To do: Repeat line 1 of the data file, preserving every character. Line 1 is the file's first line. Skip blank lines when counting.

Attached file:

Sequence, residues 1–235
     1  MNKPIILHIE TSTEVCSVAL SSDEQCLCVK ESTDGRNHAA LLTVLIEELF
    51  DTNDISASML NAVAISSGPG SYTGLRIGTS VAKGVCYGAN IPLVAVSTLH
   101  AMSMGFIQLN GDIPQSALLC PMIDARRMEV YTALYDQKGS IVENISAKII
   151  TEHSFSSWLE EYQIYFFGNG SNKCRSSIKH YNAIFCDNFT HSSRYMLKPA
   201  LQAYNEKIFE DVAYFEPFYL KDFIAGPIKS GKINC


Sequence, residues 1–235